WASHINGTON — The Senate Judiciary Committee Thursday voted to advance Attorney General nominee William Barr, setting the stage for the entire Senate to vote on his confirmation as soon as next week. Barr will likely be confirmed by the Republican-controlled Senate.
The committee split along party lines in the vote, 12 Republicans to 10 Democrats, with Democrats particularly concerned that Barr would not publicly release Special Counsel Robert Mueller’s final report. Sen. Dianne Feinstein, the top Democrat of the Judiciary Committee, was scathing in her criticism of Barr, pointing too a memo he wrote and delivered to the White House five months before his nomination, which she said effectively states it is impossible for the president to obstruct justice.
“Under his theory, the president is above the law in most respects,” she said. “I believe the memo is disqualifying.”
Chairman of the Senate Judiciary Committee Sen.Lindsey Graham, R-S.C., disagreed, saying under Barr’s beliefs, the president can be charged with obstruction of justice. Graham also noted Barr told him he would “not allow executive privilege to be used to cover up wrongdoing.”
Feinstein also said Barr’s views on abortion — he has questioned the constitutionality of Roe v. Wade — and torture techniques — in his hearing he did not say whether or not waterboarding is torture — are troubling.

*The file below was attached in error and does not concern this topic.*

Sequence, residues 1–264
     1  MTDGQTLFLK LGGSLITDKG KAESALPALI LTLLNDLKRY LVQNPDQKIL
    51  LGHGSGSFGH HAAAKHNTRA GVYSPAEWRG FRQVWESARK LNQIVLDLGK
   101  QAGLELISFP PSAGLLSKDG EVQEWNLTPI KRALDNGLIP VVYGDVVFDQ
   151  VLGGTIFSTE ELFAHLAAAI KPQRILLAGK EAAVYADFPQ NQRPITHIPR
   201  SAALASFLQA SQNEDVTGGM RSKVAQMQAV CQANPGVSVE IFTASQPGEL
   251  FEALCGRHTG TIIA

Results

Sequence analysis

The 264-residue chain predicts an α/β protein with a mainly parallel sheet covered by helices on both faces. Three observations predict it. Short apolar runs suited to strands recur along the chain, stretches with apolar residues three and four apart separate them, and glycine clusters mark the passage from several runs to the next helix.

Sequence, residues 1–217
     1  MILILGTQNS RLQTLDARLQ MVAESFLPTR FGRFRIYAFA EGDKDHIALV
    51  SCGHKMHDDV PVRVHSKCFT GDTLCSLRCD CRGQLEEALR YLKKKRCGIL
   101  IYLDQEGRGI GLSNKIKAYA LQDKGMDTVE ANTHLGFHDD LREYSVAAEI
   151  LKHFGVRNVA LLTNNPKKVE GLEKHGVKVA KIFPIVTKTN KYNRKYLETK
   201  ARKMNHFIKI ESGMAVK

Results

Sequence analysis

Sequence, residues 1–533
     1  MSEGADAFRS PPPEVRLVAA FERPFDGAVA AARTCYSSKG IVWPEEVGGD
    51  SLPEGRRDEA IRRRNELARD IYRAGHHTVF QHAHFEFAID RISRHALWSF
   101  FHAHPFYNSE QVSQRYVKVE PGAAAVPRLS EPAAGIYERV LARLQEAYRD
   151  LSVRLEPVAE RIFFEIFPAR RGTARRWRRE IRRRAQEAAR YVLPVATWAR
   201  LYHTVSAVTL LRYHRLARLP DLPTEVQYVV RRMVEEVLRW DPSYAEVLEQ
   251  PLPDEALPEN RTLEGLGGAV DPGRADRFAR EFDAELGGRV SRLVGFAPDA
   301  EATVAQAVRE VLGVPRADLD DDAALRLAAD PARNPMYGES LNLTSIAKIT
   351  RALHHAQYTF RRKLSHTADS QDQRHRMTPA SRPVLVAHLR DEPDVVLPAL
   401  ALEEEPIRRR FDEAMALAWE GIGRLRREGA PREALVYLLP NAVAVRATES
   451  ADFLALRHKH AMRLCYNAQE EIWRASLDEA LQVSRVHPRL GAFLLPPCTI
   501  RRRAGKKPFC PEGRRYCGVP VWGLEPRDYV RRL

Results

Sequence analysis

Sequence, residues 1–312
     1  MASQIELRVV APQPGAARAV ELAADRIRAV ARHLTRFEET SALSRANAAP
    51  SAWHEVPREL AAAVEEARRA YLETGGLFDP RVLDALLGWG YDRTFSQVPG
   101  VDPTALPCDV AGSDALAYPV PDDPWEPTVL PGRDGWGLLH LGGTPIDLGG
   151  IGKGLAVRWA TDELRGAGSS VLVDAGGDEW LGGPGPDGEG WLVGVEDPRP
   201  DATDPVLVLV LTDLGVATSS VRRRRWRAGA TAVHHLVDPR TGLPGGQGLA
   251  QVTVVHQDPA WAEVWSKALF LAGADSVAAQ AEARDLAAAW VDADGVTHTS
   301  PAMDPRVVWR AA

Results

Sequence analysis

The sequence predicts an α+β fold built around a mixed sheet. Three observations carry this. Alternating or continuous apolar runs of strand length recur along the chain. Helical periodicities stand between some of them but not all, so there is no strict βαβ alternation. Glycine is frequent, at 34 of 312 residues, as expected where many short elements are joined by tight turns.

Graham said he approved of the nomination given Barr’s experience, and said he trusts Barr to release as much of Mueller’s report as he deems safe.
But other senators, both Democratic and Republican, stated they were worried about Barr’s transparency concerning the Mueller investigation. Sen. Chuck Grassley, R-Iowa, said he disagrees with Barr on the question of transparency, but still voted to confirm his nomination.
Grassley, along with Sen. Richard Blumenthal, D-Conn., unveiled a bill last week which would require the special counsel to unveil his findings to both Congress and the public.
The Democrats were perhaps most concerned by Barr’s belief in the unitary executive theory. Sen. Amy Klobuchar, D-Minn., said she is alarmed by this vast view of executive privilege, believing Barr thinks the president can oversee investigations into his or her own conduct.
“This is not the time to install an attorney general who has repeatedly espoused a view of unfettered executive power,” she said.
Senate Minority Whip Dick Durbin, D.-Ill., railed against Barr. Although he called Barr a “good person” and an experienced judge — likening him to James Mattis, the former secretary of defense — Durbin said he, like others, worried about Barr’s involvement in the Russia probe.
“I hope I’m wrong,” Durbin said. “ I hope he will stand up … even if it’s against the wishes of the president.”
The meeting also included the approval, again mainly on party lines, of 44 other judges, both for federal district and circuit courts, as well as Donald W. Washington for director of the U.S. Marshals Service.